Dodge’s relationship with the US Military began around 1916 when Dodge Brothers supplied touring cars to the government for use in an operation against Poncho Villa and his revolutionary soldiers from Mexico. The battle, held in May of 1916 was the first time the US Army engaged in motorized battle, earning Dodge this somewhat dubious distinction. The Dodge Brothers had earned the trust of the military and they went on to supply a number of different trucks throughout the coming years. In the late 1930s, with war in Europe looming, officials needed to update the motor fleet and Dodge was once again entrusted to build a medium duty, half-ton four-wheel-drive workhorse. The first VC-series arrived in 1940, though it was essentially a stopgap model, based on a modified civilian chassis. By the time the United States entered the war, however, the purpose built WC series was beginning to hit shore around the world.
The first WC-series (WC1 through WC50) was a ½ - ton truck used as a weapons carrier or staff car, depending on the body. For 1943 it was revised again with an improved body for easier troop access, and upgraded axles and suspension allowing a ¾ ton capacity. The WC51 was powered by a 230 cubic inch flathead inline six, a stout, virtually indestructible unit that was designed to run on the worst quality fuel the world had to offer. The four wheel drive system was via an in-out transfer case (no low range) and stump-pulling ratios on the New Process gearbox meant the WC could traverse virtually any terrain regardless of cargo. The Dodge WC was every bit a faithful beast of burden as the iconic Jeep, proving itself under fire in virtually every theater of World War II.
This 1943 WC51 is an incredible example, exceptionally presented with period equipment that includes a genuine 1943 Harley-Davidson WL (S/N 42-2136) military-specification motorcycle on a replica trailer. The WC51 is a first series ¾-ton version with the standard Weapons Carrier body on a 98-inch chassis. It has been thoroughly restored and impeccably detailed with appropriate accessories such as full embarkation equipment (shovel, axe, camouflage netting, jerry cans, armament cases, etc.) and presented in the colors of the 82nd Airborne division. The body is properly restored to represent the true quality of a mass produced military vehicle, the previous owner wisely avoiding over-restoration. Canvas on the cab roof and cargo bed is in excellent condition, again, appearing period correct without coming across as too new. The canvas seats, accessories and markings are highly authentic and accurately represented.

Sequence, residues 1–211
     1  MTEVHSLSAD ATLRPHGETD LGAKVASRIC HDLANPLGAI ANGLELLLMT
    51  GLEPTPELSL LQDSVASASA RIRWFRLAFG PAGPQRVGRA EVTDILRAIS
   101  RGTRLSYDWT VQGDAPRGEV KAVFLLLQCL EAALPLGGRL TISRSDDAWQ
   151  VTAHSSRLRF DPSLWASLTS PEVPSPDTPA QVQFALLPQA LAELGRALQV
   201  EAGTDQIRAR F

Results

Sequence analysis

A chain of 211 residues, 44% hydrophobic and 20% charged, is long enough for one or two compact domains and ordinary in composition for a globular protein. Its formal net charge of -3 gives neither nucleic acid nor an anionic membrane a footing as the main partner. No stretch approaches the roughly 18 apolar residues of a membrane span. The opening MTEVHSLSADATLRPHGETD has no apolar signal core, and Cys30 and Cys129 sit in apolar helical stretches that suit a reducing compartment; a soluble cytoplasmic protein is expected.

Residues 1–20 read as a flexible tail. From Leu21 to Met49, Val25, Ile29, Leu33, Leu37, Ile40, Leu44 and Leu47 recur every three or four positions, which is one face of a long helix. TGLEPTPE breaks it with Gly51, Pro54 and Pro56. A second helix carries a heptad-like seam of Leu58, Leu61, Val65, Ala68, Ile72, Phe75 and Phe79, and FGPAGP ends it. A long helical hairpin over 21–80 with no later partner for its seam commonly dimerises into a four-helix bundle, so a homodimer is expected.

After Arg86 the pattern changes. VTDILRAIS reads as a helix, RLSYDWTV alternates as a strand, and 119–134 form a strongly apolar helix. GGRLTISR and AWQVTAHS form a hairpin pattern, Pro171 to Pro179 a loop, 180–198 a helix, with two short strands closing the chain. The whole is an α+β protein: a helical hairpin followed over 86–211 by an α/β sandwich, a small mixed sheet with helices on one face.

Towed behind the truck is a high quality replica trailer that was built using period photographs and documentation. It is very well constructed, down to the authentic spring-dampened pintle hitch and military-spec wheels. Some creative license was taken in its construction, but it has a very authentic feel, particularly in the details such as the jerry cans and ropes. The Harley Davidson WL was discovered years ago in a barracks, in a highly original state. The previous owner carefully restored the bike with just about every available accessory for the day, while still respecting the highly original condition.
The entire grouping of Dodge, Harley and trailer are authentically represented and in excellent condition. The truck runs very well, with the prodigious low-end torque (which peaks at 1000 RPM) of the 230 cubic inch inline six, making it easy and enjoyable to simply leave in top gear and cruise around. The cabin is authentically represented with basic canvas seat cushions, minimal instrumentation and simple controls. The cargo box has built-in benches for carrying the “troops” and the canvas covers on the cab and cargo box are removable. Likewise, the Harley is exceptionally tidy, clean and very well presented, down to the correct lamps, leather rifle holster and canvas “blackout” covers.
Such is the level of detail on this pairing that it is difficult to put into words, this amazing rig should be seen for the astounding presentation to be fully appreciated. This is a rare opportunity to acquire a real piece of World War II history, ideally suited for classic military gatherings, for enjoyment in the countryside or as a fascinating conversation piece in a collection of historically important vehicles.
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